As our taming discussion continues there's a few things that should be discussed - namely the veterinary skill along with some tips and tricks to help you train up your pet!
Before getting too in depth, I would like to say that Stratics has an awesome taming forum, and I highly suggest looking at it for some great information! The forum can be found HERE
Some of what I will bring to you in today's discussion will be things found in our Stratics taming forum, along with some of my personal experience that I've gained in being a tamer on Baja.
Let's start with one of the main skills - veterinary.
Vet is a vital part of any tamer's template. The vet skill not only keeps your pet alive in a bad situation, but at different levels of skill offers other benefits as well:
At 60 you will have the chance of curing poison on your pet.
At 80 you will have the chance at rezzing a dead BONDED pet.
At 100 you will gain an extra stable slot.
At 110 you will gain another extra stable slot.
And at 120, you will gain yet another stable slot.
(Lore and Taming also give you extra slots at 100, 110, and 120)
To give you an idea of how many pets this is, I'll share what I currently have in the stable.
My character has - 116 taming, 113 lore, 120 vet ( am always rearranging jewelry but try to keep things about the same skill level)
My current list of pets -
1 iron colored cu sidhe
1 agapite cu sidhe
1 valorite cu sidhe
1 shadow cu sidhe (yes, I know, a lot of dogs... someone asked if my life was going to the dogs.... if you only knew... lol)
1 greater hiryu
1 white wyrm
1 rune beetle
1 red dragon
1 horse (hey, sometimes I want to ride instead of run when hunting with a pet)
Grand total - 13 pets plus whatever I'm riding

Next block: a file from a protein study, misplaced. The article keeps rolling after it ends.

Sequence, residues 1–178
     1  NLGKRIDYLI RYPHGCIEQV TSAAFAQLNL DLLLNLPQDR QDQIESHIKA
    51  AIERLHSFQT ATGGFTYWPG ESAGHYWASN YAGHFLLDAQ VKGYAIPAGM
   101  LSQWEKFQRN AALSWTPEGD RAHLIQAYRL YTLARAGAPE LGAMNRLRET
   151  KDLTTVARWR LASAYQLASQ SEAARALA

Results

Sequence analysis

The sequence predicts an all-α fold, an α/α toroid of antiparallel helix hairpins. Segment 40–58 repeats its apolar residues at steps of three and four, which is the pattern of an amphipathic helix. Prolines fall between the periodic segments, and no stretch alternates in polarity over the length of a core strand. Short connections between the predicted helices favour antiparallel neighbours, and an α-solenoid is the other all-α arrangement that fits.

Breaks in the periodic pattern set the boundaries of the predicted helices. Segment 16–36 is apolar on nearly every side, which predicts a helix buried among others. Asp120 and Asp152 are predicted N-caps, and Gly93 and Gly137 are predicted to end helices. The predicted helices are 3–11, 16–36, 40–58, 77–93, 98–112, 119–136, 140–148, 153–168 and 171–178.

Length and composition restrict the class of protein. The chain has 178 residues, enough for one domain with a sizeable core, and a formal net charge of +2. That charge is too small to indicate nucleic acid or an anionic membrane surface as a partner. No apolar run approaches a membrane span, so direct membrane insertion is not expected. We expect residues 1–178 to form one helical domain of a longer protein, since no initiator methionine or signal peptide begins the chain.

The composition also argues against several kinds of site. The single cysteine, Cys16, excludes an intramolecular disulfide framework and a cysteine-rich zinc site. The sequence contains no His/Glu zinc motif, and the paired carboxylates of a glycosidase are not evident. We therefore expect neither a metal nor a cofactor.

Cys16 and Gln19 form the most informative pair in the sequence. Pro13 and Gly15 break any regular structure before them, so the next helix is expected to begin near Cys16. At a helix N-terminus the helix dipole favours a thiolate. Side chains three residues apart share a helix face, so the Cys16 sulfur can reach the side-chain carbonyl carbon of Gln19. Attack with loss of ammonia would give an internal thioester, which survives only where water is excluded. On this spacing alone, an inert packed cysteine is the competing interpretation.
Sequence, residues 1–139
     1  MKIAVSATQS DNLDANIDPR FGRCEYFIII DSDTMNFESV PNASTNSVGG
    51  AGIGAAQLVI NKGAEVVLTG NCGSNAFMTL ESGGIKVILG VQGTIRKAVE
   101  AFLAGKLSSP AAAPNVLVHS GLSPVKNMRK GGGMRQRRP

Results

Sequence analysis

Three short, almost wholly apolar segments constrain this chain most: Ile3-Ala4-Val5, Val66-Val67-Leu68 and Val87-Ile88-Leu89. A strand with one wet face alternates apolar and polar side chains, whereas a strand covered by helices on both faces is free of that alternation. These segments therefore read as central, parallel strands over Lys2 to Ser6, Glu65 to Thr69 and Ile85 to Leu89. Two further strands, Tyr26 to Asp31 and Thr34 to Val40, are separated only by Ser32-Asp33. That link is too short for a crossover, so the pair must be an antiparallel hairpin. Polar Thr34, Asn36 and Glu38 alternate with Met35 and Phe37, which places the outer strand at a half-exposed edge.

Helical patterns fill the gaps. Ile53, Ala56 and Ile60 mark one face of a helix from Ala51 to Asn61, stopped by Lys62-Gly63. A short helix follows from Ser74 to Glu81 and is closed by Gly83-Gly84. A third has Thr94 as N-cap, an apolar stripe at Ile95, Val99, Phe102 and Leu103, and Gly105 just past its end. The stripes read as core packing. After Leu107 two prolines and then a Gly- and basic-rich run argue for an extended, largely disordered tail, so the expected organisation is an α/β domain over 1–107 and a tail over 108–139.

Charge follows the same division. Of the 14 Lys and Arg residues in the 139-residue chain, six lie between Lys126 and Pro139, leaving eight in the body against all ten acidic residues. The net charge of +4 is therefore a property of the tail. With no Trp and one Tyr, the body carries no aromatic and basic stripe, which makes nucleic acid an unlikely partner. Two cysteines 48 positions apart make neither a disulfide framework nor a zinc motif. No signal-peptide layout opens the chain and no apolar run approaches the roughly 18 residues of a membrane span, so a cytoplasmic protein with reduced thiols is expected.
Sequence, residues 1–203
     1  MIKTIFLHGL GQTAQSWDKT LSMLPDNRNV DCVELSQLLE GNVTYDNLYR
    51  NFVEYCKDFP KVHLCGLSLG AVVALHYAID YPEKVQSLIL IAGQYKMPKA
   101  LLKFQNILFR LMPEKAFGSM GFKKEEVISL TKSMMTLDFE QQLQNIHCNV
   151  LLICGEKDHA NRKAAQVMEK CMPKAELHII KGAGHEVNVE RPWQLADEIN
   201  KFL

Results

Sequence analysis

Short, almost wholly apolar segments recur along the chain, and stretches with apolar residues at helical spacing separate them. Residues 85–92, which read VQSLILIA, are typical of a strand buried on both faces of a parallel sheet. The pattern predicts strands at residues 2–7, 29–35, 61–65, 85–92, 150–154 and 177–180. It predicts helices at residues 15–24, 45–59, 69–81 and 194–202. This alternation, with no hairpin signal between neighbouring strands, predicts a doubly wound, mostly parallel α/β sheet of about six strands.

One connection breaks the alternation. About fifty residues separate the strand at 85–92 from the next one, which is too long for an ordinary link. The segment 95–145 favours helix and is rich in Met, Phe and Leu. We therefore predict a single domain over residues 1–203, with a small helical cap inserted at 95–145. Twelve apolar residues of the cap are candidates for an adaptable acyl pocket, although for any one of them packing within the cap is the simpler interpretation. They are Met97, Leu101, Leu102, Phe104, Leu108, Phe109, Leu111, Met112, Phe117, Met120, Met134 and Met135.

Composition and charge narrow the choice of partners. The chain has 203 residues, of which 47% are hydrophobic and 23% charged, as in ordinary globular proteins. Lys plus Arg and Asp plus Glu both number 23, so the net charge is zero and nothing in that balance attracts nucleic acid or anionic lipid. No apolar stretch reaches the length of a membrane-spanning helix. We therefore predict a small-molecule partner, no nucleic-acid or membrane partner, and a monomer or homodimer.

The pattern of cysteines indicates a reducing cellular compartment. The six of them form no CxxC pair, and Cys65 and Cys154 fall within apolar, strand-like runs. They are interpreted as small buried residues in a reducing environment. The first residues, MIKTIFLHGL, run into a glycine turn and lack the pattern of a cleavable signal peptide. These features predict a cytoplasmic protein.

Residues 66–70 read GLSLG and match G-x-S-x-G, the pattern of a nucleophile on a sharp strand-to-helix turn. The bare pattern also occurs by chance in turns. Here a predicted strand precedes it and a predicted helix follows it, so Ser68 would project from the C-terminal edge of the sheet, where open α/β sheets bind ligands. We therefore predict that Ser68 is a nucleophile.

As you can see, having higher taming skills bring the benefit of more choices of pets!
But back to vet... lol
Without the vet I have, I couldn't keep half of these pets alive with a simple greater heal. While some of the pets can cast magery on themselves for bless and heals, a lot of pets don't (like the firesteed, or the hiryu). Plus when fighting, your pet isn't always trying to take care of itself, it's looking to kill whatever you commanded it to kill. It's relying on YOU to keep it healed and protected while it battles.
Some folks take a long time to train up vet simply because it can be a long tiring process, but with some helpful tips, you might actually find your vet skill shooting through the roof!
Vet tips and tricks
First thing to do is set up your macro key. (for 2D version)
On your paper doll, click OPTIONS. Then inside that menu you will see a curved arrow at the bottom left.
Click that arrow. You will see a menu, this is where you add your macro key. Click ADD, then choose a key (mine is F4) and then in the first drop down box choose - Use Last Item. Then in the next drop down menu choose - Last Target.
This is essential for bandages! I cannot stress this one enough. I've used this key so often my F4 is actually worn off the key.
Here's why this is essential. You click on your bandages, you target your pet. Now... hit F4. Guess what, it just did it again in one key stroke and no mouse movement! You can even run up, hit F4 and run away from your pet in 2 seconds for quick heals (oh yes Lady Mel, I'm speaking of you!) With this macro key I can literally heal a 580 hit point cu sidhe who is down to 50 points in about 8 seconds flat. Trust me, this is your number one vet helper. ;)